Online Laboratory Magazine


Superconductors under strain


Superconductors are materials where current can flow without resistance below a characteristic temperature. Since its discovery at the beginning of the 20th century, this phenomenon has been matter of intense studies due to its enormous potential for applications, limited so far by the necessity of a cryogenic environment.

The main challenge is the realization of superconductivity at higher and higher temperature, which inevitably passes through the complete understanding of the microscopic mechanisms at its origin. Intriguingly, for many superconductors, called unconventional, this is still an unresolved puzzle. It is a widespread belief that the key to shed light on the unconventional superconductivity is the interplay among the crystal lattice, the orbital and the spin degrees of freedom.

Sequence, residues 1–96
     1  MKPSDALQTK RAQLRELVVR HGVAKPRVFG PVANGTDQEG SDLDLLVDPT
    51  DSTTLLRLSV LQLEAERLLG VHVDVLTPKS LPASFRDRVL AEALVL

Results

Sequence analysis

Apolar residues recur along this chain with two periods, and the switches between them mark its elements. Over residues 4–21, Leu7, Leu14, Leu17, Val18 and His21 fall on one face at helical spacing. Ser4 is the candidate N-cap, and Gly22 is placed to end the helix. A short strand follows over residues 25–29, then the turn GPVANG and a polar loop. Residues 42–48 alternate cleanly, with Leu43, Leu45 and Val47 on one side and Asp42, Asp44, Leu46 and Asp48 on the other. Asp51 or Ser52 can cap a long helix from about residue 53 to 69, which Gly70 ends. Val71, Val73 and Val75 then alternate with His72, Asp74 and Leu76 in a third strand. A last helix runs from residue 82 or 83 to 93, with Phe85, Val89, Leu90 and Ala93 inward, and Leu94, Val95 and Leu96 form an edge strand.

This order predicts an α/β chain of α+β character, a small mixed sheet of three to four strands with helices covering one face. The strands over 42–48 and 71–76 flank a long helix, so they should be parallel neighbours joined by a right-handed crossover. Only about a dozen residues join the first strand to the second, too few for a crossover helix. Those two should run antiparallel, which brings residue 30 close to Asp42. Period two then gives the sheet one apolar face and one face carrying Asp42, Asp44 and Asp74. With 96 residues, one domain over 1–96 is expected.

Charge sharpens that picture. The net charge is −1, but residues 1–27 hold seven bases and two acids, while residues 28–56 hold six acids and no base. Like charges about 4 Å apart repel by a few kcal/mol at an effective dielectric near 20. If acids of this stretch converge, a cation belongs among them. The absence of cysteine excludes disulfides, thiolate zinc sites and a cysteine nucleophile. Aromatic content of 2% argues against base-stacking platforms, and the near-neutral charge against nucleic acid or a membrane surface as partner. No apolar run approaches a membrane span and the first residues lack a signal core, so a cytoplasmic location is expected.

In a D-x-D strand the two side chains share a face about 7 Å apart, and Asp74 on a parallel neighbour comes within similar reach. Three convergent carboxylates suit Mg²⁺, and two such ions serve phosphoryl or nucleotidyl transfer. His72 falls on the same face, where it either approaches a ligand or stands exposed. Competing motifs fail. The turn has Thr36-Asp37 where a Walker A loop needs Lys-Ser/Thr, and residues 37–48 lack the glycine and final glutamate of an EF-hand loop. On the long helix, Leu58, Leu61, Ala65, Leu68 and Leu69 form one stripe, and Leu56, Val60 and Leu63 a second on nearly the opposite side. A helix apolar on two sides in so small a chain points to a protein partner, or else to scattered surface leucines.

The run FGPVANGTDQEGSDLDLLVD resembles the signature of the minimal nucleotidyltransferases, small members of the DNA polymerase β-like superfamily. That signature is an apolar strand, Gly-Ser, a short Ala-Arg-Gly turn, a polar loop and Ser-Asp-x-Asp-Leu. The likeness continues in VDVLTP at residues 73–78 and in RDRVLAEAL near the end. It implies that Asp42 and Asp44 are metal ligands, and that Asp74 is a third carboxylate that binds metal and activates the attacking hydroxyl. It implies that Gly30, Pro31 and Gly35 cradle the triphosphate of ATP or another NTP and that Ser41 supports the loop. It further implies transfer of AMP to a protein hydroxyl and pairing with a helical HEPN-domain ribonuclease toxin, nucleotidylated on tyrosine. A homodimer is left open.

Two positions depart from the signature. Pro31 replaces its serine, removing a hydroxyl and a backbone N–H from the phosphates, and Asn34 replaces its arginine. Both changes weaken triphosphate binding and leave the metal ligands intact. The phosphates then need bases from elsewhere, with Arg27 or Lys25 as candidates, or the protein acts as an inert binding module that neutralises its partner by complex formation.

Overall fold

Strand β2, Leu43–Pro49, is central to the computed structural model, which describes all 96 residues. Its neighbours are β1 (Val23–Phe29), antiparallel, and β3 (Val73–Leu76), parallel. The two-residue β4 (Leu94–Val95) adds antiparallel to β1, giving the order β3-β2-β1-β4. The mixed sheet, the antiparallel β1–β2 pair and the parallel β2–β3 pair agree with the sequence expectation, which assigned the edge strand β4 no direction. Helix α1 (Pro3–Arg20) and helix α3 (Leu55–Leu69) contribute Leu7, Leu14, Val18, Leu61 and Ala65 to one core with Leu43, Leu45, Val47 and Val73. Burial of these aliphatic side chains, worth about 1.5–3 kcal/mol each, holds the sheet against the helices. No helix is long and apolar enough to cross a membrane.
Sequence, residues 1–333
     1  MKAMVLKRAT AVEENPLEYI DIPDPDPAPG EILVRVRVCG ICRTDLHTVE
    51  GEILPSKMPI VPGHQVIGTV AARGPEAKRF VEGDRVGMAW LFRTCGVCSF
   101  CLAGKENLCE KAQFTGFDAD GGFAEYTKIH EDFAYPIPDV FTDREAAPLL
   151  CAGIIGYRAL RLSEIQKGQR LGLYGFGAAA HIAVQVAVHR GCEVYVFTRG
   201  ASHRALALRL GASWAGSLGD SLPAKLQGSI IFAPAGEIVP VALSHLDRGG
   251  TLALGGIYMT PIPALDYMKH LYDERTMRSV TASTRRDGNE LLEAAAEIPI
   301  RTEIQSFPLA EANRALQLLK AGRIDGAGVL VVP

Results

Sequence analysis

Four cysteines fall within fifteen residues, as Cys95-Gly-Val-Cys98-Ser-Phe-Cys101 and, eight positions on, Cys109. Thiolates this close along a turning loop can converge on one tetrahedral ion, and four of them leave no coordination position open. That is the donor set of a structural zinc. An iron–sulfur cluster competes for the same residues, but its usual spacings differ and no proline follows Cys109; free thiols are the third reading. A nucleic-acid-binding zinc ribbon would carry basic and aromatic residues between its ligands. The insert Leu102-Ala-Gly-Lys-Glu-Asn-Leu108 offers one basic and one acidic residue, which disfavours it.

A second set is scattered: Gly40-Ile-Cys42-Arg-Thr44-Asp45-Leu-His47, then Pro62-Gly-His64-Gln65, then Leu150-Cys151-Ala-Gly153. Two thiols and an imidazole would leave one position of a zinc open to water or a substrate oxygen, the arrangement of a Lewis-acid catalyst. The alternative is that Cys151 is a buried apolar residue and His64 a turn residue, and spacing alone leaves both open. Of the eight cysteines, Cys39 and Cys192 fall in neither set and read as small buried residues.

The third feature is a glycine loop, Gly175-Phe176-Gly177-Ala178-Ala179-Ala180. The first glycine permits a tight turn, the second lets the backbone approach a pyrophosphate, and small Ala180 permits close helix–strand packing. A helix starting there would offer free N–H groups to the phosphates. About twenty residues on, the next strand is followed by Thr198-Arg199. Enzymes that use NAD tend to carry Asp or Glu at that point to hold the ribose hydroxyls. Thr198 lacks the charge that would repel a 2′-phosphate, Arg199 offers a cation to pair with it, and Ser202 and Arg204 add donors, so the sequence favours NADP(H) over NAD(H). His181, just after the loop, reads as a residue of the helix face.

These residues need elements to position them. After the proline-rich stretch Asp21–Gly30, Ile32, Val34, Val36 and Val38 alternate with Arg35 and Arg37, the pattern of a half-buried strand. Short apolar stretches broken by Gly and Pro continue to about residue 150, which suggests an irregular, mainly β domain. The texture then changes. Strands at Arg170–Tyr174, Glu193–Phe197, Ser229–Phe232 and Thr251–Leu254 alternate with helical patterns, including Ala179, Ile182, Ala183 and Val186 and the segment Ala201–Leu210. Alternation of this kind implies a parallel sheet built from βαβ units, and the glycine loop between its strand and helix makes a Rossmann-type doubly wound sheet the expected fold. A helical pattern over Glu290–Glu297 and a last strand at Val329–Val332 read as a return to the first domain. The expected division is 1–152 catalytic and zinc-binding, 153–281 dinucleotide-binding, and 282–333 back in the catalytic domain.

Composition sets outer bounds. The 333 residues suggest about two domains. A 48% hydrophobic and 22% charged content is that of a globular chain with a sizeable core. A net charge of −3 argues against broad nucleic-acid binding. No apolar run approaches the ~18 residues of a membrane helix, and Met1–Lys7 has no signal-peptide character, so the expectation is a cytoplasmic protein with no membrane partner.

In a recent paper, published by the journal Nature Quantum Materials, )the interaction between the structural and the electronic properties of an unconventional superconductor family is investigated, through an original elasto-thermoelectric transport technique. In this experiment, the electronic response of the sample is probed under the simultaneous application of a thermal gradient, a magnetic field and an infinitesimal mechanical strain.

The reaction of the material to these tunable stressing parameters revealed that both spin and orbital fluctuations are fundamental ingredients to describe the physics of these materials, setting new bounds for the interpretative models. This work, directly supported by the Deutsche Forschungsgemeinschaft, has been realized by scientists of the IFW Dresden (DE), in collaboration with the TU Dresden (DE), the University of Wuppertal (DE) and the CNR-SPIN Institute (IT).

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Source: Leibniz Institute for Solid State and Materials Research (IFW)